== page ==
dithiothreitol and labelled by monobromobimane. Monobromobimane
becomes fluorescent after binding to GSH. The thiols are then
separated by HPLC and the fluorescence quantified with a fluorescence
Monochlorobimane can be used to quantify glutathione in vivo . The
quantification is done by confocal laser scanning microscopy after
application of the dye to living cells. This quantification process
relies on measuring the rates of fluorescence changes and is limited
to plant cells.
5-Chloromethylfluorescein Diacetate (CMFDA)
CMFDA was initially used as a cell tracker. Unfortunately, it has
also been mistakenly used as a glutathione probe. Unlike
monochlorobimane, whose fluorescence increases upon reacting with
glutathione, the fluorescence increase of CMFDA is due to the
hydrolysis of the acetate groups inside cells. Although CMFDA may
react with glutathione in cells, the fluorescence increase does not
reflect the reaction. Therefore, studies using CMFDA as a glutathione
probe should be revisited and re-interpreted.
The major limitation of these bimane based probes and many other
reported probes is that these probes are based on irreversible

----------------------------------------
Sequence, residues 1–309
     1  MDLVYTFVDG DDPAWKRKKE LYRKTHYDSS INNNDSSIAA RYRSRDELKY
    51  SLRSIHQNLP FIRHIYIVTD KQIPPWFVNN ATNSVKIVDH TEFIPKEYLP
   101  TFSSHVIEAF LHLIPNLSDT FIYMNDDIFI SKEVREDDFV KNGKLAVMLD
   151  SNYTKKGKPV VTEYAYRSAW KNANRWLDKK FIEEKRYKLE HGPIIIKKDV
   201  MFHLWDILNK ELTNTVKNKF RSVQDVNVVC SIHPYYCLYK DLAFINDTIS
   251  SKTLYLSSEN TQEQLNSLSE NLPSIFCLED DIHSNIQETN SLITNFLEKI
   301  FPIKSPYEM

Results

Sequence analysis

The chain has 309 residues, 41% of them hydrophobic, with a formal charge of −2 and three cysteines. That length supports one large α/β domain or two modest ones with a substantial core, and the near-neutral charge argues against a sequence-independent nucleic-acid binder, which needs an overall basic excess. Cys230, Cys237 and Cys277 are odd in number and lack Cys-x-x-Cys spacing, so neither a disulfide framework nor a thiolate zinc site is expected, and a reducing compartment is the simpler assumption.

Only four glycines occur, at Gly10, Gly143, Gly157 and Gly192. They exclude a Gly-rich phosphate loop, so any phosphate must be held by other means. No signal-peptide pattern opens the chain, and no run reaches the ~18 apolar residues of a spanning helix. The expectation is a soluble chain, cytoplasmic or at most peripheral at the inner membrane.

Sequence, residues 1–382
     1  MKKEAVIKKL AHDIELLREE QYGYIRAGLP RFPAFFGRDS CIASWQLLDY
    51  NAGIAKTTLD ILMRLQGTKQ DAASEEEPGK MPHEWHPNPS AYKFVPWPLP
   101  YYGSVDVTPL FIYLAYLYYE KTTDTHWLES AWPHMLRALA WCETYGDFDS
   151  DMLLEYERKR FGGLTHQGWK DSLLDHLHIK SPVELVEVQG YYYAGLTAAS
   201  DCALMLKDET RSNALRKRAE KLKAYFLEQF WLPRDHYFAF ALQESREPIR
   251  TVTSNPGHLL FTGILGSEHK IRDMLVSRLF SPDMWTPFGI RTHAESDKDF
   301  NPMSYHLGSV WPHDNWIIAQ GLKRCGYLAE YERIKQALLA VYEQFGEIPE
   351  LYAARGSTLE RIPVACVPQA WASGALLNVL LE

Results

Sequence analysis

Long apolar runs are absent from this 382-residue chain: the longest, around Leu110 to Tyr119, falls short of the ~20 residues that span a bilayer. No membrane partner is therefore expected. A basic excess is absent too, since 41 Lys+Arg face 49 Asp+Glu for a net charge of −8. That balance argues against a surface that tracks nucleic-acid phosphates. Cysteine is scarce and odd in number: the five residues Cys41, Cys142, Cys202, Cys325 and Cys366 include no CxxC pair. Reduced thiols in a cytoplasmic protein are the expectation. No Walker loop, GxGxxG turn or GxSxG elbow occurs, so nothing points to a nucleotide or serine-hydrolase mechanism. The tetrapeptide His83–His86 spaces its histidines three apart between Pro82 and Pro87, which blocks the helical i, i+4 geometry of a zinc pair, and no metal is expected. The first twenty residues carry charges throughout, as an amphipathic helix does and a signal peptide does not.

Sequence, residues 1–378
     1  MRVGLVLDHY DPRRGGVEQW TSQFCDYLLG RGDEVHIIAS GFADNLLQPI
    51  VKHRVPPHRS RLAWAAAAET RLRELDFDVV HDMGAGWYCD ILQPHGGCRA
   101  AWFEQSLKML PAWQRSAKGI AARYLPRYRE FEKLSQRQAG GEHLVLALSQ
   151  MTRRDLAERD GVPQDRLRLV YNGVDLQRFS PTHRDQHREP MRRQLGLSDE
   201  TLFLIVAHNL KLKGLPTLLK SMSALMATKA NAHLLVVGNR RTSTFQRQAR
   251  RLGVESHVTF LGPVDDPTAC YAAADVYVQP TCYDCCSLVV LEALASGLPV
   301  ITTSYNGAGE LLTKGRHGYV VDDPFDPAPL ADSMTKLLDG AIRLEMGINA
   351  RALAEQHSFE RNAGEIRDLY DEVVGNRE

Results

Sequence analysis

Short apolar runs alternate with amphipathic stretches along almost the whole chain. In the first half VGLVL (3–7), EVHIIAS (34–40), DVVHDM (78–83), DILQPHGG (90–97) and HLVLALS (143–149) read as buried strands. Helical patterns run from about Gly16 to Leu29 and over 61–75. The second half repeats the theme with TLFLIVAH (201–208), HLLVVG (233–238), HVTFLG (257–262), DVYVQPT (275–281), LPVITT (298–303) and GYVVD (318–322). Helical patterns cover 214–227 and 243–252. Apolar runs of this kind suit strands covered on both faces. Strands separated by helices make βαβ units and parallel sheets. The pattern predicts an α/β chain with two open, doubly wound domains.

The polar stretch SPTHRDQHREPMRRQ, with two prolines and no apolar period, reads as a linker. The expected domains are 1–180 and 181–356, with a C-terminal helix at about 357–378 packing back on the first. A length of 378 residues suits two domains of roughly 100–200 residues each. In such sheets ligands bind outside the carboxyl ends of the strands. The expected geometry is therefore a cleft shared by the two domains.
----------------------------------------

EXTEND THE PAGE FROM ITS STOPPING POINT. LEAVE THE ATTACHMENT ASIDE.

chemical reactions with glutathione, which renders these probes
incapable of monitoring the real-time glutathione dynamics. Recently,
the first reversible reaction based fluorescent probe-ThiolQuant Green
(TQG)-for glutathione was reported. ThiolQuant Green can not only
perform high resolution measurements of glutathione levels in single
cells using a confocal microscope, but also be applied in flow
cytometry to perform bulk measurements.
Thiol (RT) probe is the second generation reversible
reaction-based GSH probe developed by the Wang group. A few key
features of RealThiol: 1) it has a much faster forward and backward
reaction kinetics compared to ThiolQuant Green, which enables real
time monitoring of GSH dynamics in live cells. 2) only micromolar to
Thiol is needed for staining in cell based
experiments, which induces minimal perturbation to GSH level in cells.
3) a high quantum yield coumarin fluorophore was implemented so that
background noise can be minimized 4) equilibrium constant of the
reaction between Real
Thiol and GSH has been fine tuned to respond to
physiologically relevant concentration of GSH. Real
Thiol can be used
to perform measurements of glutathione levels in single cells using a
high resolution confocal microscope, as well as be applied in flow
cytometry to perform bulk measurements in high throughput manner.
PROTEIN BASED GLUTATHIONE PROBES
Another approach, which allows measurement of the glutathione redox
potential at a high spatial and temporal resolution in living cells is
based on redox imaging using the redox-sensitive green fluorescent